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Diffusion Tensor Imaging May Improve Diagnosis and Tracking of Mild Traumatic Brain Injuries


For release: Thursday, March 4, 2010

A DTI scan shows the many nerve fiber tracts that run through a healthy brain (viewed face-on).  The tracts look like mutlti-colored threads that fill in the outline of a brain.

Investigators have found that a state-of-the-art brain imaging method may be useful for detecting and monitoring mild traumatic brain injury, a controversial diagnosis that is based largely on a patient’s subjective experience.

The phrase traumatic brain injury tends to conjure the worst case scenario of a patient who suffers severe brain damage leading to severe disabilities, coma or death.  However, most traumatic brain injuries are classified as mild.  A mild traumatic brain injury typically involves symptoms of brain damage (such as mood changes or confusion), but no sign of damage based on a neurological exam or standard brain imaging techniques.

This definition, or the lack thereof, complicates diagnosis.  Some patients are told nothing is wrong with them.

The lack of objective measures for mild brain injuries also means there is no way to predict their course.  “Although most patients recover completely from their injuries, approximately 5-20 percent of patients do not fully recover.  We need a way to identify those patients early,” said Andrew Mayer, Ph.D., a research scientist at the Mind Research Network and an adjunct assistant professor of neurology at the University of New Mexico in Albuquerque.

In a recent study, Dr. Mayer and colleagues at UNM found that diffusion tensor imaging (DTI) can be used to reliably detect and track brain abnormalities in patients with mild traumatic brain injury.  The study was published in Neurology*, and was supported in part by the National Institute of Neurological Disorders and Stroke (NINDS).

DTI is a version of magnetic resonance imaging (MRI).  It is most useful for visualizing the brain’s white matter, which contains the fibers that connect nerve cells.  DTI is more complicated than MRI in terms of data analysis, but most conventional MRI scanners are equipped to run DTI scans, Dr. Mayer said.

Dr. Mayer and his team used DTI and conventional MRI to examine the brains of 22 patients with mild traumatic brain injury and 21 control subjects.  The two groups were matched for gender, education and age, and were 27 years old on average.  All subjects were given neuropsychological tests to assess their ability to think, emotional state and somatic complaints (such as pain or perceived physical disability).  Patients with mild traumatic brain injury were evaluated within 21 days of trauma, and each had a score of 13-15 on the Glasgow Coma Scale, a 15-point test of motor and verbal functions that is the current standard for diagnosis.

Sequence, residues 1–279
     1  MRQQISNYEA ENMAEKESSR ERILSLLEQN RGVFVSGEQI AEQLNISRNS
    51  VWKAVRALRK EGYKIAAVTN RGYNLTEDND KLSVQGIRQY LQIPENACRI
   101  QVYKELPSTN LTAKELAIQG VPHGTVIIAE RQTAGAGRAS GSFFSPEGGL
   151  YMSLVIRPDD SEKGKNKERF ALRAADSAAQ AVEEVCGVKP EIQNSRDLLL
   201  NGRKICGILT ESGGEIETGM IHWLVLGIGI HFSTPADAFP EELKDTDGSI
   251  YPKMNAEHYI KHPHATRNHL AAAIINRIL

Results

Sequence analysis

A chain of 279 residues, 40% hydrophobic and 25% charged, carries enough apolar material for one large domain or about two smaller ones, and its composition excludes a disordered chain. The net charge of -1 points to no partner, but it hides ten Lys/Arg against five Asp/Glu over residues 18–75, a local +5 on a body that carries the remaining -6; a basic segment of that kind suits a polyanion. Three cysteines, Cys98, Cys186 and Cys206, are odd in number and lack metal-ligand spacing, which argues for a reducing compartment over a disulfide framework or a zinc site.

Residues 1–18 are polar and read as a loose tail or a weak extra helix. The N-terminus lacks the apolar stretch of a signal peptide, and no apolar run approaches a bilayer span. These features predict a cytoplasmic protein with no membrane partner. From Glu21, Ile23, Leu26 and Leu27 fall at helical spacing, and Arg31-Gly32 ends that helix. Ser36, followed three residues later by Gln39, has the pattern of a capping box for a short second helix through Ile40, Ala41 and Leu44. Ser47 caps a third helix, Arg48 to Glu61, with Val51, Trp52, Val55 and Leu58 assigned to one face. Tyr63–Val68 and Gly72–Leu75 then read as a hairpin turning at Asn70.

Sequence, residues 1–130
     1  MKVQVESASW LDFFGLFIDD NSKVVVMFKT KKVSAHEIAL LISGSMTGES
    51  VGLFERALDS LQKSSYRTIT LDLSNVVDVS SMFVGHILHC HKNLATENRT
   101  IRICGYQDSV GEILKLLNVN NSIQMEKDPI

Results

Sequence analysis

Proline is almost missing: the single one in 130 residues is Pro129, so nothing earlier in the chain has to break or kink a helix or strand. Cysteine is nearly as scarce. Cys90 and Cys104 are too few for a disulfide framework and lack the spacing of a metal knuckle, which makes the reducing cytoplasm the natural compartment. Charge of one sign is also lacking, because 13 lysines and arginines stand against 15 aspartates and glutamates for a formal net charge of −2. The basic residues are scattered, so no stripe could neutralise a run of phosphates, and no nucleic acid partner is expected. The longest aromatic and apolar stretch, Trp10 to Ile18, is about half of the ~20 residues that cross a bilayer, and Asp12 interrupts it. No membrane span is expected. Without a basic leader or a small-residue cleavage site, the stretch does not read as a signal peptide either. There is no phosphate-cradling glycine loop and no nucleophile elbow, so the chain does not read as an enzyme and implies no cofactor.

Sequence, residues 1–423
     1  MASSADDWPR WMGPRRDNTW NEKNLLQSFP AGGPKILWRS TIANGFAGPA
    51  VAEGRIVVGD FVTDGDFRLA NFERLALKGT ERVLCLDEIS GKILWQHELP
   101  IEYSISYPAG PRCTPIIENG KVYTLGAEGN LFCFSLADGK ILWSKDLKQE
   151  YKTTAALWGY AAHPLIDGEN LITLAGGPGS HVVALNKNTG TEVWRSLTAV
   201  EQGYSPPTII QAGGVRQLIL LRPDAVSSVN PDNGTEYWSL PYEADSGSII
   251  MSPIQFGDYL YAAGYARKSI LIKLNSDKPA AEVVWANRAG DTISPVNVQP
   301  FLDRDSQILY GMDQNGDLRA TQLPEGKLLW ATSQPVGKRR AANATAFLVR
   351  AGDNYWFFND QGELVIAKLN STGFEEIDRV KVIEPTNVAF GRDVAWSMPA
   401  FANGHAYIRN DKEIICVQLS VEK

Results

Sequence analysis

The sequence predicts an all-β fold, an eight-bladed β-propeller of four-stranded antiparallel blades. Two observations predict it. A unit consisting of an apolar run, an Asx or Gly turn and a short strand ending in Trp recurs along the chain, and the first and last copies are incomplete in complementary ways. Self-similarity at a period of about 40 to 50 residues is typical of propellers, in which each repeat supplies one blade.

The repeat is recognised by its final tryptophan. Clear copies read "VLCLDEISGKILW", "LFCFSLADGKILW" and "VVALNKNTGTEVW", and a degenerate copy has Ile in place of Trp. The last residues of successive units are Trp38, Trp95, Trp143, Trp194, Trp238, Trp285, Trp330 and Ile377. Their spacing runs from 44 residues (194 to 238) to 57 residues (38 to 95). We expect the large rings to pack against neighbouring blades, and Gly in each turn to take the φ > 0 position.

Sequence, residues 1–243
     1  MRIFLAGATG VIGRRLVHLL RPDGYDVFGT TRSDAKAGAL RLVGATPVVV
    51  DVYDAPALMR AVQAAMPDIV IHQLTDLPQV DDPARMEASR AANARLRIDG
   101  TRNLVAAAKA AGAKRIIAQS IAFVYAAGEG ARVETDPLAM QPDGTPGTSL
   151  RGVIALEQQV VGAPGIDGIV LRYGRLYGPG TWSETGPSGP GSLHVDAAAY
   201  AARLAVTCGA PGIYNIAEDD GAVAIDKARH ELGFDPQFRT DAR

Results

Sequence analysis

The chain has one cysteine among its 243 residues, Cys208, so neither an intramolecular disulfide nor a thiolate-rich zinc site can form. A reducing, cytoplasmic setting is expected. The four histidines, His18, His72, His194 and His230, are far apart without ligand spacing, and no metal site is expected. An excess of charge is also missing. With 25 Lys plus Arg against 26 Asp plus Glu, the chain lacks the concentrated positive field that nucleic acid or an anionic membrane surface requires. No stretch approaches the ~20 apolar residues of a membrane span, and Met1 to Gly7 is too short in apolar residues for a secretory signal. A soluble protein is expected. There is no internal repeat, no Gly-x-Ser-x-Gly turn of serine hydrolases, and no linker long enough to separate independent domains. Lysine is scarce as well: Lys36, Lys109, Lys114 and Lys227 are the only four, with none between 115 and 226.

Conventional MRI did not reveal any differences between the patients with mild traumatic brain injury and the controls.  In contrast, DTI revealed white matter abnormalities in the patients, and was better at discriminating patients from controls than were the neuropsychological test results.

To determine if the DTI abnormalities correlated with symptoms of mild traumatic brain injury over time, the researchers asked subjects to return for a second evaluation 3-5 months later.  This is a typical recovery timeframe for mild brain injuries.  At the second visit, patients showed improvements on some of their neuropsychological test results and some of their DTI measures.  Among the control subjects, there was no difference between DTI measures at the first and second visits.

The UNM study helps establish “DTI…as a potential biomarker of injury that may assist in classification and tracking of mild traumatic brain injury and its effects,” according to a commentary by Erin Bigler, Ph.D., of Brigham Young University in Provo, Utah and the University of Utah in Salt Lake City, and Jeffrey Bazarian, M.D., M.P.H., of the University of Rochester School of Medicine in New York.**

Dr. Mayer currently has a grant from NINDS to conduct clinical studies of mild traumatic brain injury that combine DTI with other imaging techniques – such functional MRI and MR spectroscopy.  A grant from NINDS funded through the American Recovery and Reinvestment Act (ARRA) will enable him to pursue similar analyses using magnetoencephalography (MEG).  This is a sensitive technique for measuring the brain’s electrical activity.

“We want to combine information across these imaging modalities to see if we can get a more coherent picture of mild traumatic brain injury, with more power to diagnose it and predict its course,” Dr. Mayer said.

- By Daniel Stimson, Ph.D.

*Mayer, AR et al. “A Prospective Diffusion Tensor Imaging Study in Mild Traumatic Brain Injury.” Neurology, February 23, 2010, Vol. 74, pp. 643-650.

**Bigler, ED and Bazarian, JJ.  “Diffusion Tensor Imaging: A Biomarker for Mild Traumatic Brain Injury?”  Neurology, February 23, 2010, Vol. 74, pp. 626-627.

A DTI scan shows the many nerve fiber tracts that run through a healthy brain (viewed face-on). The tracts look like mutlti-colored threads that fill in the outline of a brain.
A DTI scan shows the many nerve fiber tracts that run through a healthy brain (viewed face-on). Courtesy of Dr. Andrew Mayer.

Last Modified July 27, 2010